More women work in this industry group than in any other.
http://factfinder.census.gov/servlet/DatasetMainPageServlet?_program=ACS&_lang=en&_ts=98617243523

Earnings
$30,724
The median annual earnings of women ages 15 and older who work full time, year-round.
After adjusting for inflation, earnings for these women declined by 0.6 percent between
2002 and 2003 - their first annual decline since 1995.
http://www.census.gov/Press-release/www/releases/archives/income_wealth/002484.html

76 cents
The amount women, who worked full time, year-round, earned for every $1 their male
counterparts earned. This amount is down from 77 cents for every dollar in 2002.
http://www.census.gov/Press-Release/www/releases/archives/income_wealth/002484.html

$2.9 million
Estimated work-life earnings of women with a professional degree (i.e., medical, law, dental
or veterinarian) who work full time, year-round. For women, like men, more education means
higher career earnings. It is estimated that women without a high school diploma would earn
$700,000 during their work lives, increasing to $1 million if they had a high school diploma
and $1.6 million if they had a bachelor's degree.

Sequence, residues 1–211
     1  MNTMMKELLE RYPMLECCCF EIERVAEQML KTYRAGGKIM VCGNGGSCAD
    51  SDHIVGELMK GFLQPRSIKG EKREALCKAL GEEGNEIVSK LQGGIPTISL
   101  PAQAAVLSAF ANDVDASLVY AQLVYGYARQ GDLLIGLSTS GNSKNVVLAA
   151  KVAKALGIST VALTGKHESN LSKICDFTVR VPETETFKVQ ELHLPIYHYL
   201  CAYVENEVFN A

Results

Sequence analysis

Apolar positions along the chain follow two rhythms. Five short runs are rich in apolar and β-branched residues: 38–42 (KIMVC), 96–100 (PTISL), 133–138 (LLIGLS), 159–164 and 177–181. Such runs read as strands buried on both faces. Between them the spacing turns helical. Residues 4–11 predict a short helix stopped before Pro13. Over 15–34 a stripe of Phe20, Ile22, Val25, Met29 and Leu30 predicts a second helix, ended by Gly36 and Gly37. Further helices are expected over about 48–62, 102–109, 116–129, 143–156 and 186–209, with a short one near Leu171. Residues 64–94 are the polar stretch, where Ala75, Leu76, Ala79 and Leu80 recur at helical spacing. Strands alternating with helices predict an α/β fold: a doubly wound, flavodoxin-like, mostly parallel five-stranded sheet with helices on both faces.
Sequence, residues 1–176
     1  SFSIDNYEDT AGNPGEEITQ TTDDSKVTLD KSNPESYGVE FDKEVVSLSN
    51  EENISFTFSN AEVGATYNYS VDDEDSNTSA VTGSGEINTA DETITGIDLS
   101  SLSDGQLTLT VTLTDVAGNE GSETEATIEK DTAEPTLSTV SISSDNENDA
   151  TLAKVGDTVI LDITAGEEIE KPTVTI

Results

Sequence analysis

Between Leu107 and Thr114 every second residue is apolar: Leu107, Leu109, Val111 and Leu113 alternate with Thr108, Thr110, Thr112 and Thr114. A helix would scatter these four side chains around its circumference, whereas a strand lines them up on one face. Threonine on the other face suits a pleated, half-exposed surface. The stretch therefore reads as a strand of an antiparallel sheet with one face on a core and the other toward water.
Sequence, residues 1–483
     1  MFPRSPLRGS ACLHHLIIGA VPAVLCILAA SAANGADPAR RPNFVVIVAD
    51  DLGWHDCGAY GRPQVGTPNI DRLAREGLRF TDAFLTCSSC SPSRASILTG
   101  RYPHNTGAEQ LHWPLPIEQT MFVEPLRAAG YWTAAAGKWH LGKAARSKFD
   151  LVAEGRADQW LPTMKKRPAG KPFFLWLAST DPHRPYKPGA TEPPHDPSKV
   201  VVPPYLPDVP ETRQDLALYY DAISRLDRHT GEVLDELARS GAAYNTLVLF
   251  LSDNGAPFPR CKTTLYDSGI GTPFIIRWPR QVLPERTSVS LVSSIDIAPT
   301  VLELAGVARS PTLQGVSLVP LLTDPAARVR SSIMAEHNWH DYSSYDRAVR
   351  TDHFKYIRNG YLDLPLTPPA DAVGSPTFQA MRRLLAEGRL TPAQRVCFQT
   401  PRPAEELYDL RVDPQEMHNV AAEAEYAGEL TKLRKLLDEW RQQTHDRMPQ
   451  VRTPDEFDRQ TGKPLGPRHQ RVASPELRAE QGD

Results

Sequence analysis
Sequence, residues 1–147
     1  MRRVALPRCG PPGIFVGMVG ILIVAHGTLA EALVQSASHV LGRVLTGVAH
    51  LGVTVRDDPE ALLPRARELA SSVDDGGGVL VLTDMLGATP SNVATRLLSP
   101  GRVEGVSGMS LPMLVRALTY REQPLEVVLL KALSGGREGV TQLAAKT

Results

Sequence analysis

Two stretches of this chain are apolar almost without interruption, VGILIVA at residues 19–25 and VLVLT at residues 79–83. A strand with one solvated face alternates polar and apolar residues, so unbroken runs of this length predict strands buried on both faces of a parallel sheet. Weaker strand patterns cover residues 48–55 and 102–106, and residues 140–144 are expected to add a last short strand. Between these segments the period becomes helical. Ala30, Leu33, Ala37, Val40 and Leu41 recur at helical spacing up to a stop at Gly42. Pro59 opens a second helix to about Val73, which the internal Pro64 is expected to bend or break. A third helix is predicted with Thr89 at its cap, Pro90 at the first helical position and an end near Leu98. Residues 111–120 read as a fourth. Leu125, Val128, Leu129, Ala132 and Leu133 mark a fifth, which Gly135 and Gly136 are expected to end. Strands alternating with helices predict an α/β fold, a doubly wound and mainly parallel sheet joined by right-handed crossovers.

http://www.census.gov/Press-Release/www/releases/archives/education/000311.html

Military
215,243
Total number of active duty women in the military, compared to 1,219,134 men, in 2003.
Of that total, 34,796 women are officers, 178,428 are enlisted and 2,019 are enrolled in
military academies. http://web1.whs.osd.mil/mmid/military/rg0309f.pdf

1.7 million
The number of military veterans who are women.
http://www.census.gov/prod/www/statistical-abstract-04.html Table 512 of 2004-05 edition

16%
Percent of Persian Gulf War (1990-91) veterans who are women. In contrast, women
account for 5 percent of World War II vets, 3 percent of Vietnam vets and 2 percent of
Korean War vets. http://www.census.gov/prod/www/statistical-abstract-04.html Table 513

Motherhood
44%
Percent of all women of childbearing age (15 to 44 years old) who are childless. Seventy-one
percent of these childless women participated in the labor force.
http://www.census.gov/Press-Release/www/releases/archives/fertility/001491.html

Marriage
62.9 million
Number of married women (including those who are separated or have an absent spouse).
There are 53.5 million unmarried (widowed, divorced or never married) women.
http://www.census.gov/Press-Release/www/releases/archives/families_households/003118.html

54%
Percent of unmarried and single Americans who are women.
http://www.census.gov/Press-Release/www/releases/archives/families_households/003118.html

29%
Percent of women in unmarried-partner households who have higher levels of education than
their partners; by comparison, 22 percent of married women have higher levels of education
than their husbands. Women in unmarried-partner households are also more likely than married
women to earn more than their partners. Twenty-three percent of women in unmarried-partner
households earn at least $5,000 more than their partners, compared with 17 percent
of married women.
http://www.census.gov/Press-Release/www/releases/archives/families_households/003118.html